BLR Airport experiences growth in cargo volumes following COVID-19 slump
BLR Airport has become the first metro airport in India to record growth in freight in September 2020, compared to the same period in 2019.
Cargo volumes at Kempegowda International Airport, Bengaluru (BLR) are gathering momentum, with international cargo leading the recovery, following a prolonged slump due to the COVID-19 pandemic.
This resurgence in cargo movement has powered BLR Airport to become the first metro airport in India to record growth in freight in September 2020, compared to the same period in 2019.
Improved connectivity and an increase in Passenger to Cargo (P2C) aircraft, combined with proactive measures by Bangalore International Airport Limited (BIAL) – the operator of BLR Airport – to enable seamless processing, have pushed cargo volumes into positive territory.
In the first first two quarters of FY2020-21, between April and September 2020, BLR Airport cargo terminals processed 131,603 metric tonnes of freight. The cargo processed in September was 32,449 metric tonnes, representing a growth of 0.3 per cent against the same period in 2019. September 2020 witnessed a 4.5 per cent growth in international cargo, of which export cargo grew by 7.6 per cent. Meanwhile, domestic cargo is showing a slower recovery at 5.2 per cent lower than the same period in 2019.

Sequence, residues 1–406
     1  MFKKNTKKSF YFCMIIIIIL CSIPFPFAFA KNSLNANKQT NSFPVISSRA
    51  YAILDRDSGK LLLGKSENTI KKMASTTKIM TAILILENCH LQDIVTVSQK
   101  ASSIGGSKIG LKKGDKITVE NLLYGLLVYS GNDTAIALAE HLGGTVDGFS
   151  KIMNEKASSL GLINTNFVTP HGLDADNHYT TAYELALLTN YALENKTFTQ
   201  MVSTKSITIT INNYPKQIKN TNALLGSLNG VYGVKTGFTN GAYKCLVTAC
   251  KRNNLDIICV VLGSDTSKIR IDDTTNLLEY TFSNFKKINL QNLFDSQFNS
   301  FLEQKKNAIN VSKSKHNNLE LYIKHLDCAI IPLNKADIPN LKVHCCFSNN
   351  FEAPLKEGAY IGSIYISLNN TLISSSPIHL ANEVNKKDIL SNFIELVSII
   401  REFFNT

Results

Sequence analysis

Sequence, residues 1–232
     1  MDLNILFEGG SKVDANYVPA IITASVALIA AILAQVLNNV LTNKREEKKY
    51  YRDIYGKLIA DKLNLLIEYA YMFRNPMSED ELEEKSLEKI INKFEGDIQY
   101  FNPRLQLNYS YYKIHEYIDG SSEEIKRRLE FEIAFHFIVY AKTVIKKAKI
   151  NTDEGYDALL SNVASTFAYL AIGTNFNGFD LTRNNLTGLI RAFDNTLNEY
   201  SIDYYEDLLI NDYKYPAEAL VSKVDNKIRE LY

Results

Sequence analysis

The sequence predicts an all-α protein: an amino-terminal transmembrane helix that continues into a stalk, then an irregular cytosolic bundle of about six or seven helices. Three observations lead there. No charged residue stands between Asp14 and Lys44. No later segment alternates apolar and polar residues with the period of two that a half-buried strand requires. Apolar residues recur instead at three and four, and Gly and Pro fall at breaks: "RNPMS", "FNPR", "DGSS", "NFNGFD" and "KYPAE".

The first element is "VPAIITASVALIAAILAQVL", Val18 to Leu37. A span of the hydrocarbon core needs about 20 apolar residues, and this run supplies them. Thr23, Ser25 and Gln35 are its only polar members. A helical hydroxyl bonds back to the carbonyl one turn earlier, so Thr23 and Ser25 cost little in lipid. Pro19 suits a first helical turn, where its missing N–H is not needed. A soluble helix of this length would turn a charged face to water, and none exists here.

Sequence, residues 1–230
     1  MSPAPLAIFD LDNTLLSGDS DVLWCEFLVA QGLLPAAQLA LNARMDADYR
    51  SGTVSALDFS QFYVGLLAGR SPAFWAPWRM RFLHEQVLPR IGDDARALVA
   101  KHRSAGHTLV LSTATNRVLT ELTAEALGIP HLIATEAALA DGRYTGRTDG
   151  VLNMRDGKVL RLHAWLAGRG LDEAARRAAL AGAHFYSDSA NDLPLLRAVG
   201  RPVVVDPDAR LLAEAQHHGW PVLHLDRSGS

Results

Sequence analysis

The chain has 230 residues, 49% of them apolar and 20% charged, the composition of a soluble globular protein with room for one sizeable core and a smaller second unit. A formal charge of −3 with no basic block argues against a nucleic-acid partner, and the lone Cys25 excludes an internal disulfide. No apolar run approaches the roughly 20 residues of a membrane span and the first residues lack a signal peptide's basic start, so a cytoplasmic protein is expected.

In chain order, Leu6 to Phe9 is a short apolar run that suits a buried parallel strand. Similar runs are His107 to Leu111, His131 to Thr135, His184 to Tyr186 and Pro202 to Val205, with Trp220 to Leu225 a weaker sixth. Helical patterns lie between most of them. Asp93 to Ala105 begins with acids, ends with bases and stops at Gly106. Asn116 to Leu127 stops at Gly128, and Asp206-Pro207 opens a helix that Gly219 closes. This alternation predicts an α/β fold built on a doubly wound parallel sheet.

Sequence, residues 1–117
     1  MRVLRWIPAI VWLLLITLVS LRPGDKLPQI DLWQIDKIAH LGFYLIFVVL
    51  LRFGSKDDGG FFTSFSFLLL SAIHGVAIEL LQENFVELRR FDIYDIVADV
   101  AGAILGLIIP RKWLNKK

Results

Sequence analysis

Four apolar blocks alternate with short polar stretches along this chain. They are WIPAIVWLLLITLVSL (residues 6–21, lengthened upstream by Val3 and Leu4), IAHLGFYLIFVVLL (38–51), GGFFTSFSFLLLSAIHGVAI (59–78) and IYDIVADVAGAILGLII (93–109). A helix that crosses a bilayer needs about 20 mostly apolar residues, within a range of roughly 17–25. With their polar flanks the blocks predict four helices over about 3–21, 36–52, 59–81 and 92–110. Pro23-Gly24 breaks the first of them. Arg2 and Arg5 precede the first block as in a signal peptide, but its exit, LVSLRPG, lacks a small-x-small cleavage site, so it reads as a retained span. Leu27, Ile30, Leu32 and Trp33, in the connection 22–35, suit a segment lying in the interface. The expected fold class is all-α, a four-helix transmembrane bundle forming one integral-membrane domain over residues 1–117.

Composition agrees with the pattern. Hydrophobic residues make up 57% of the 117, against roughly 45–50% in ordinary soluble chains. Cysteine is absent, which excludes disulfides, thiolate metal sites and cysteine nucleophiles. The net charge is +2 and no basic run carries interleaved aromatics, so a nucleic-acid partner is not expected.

Perishable cargo has been one of the major growth drivers, with BLR Airport having processed 17,212 metric tonnes during this period. It processed 180,745kg of pomegranate from April to August 2020, emerging as the leading airport for pomegranate exports from India. The other segments driving growth are readymade garments, engineering goods, pharma and medical supplies.
The introduction of its road feeder service – LOGI Connect – to link cities like Tirupur, Coimbatore, Ambur, Salem, Erode, Hyderabad and Chennai further augmented growth, powering BLR Airport’s all-India market share of air cargo from 11 per cent to 14 per cent.
Before the pandemic, around 60 per cent of domestic and international freight was being carried in the belly space of passenger aircraft and the remainder in freighters. With the reduction in passenger flights due to travel restrictions, several airlines – both domestic and international – converted their aircraft, enabling the availability of a larger amount of cargo capacity. As a result, BLR Airport saw the growth of cargo aircraft movements by 139 per cent against 2019.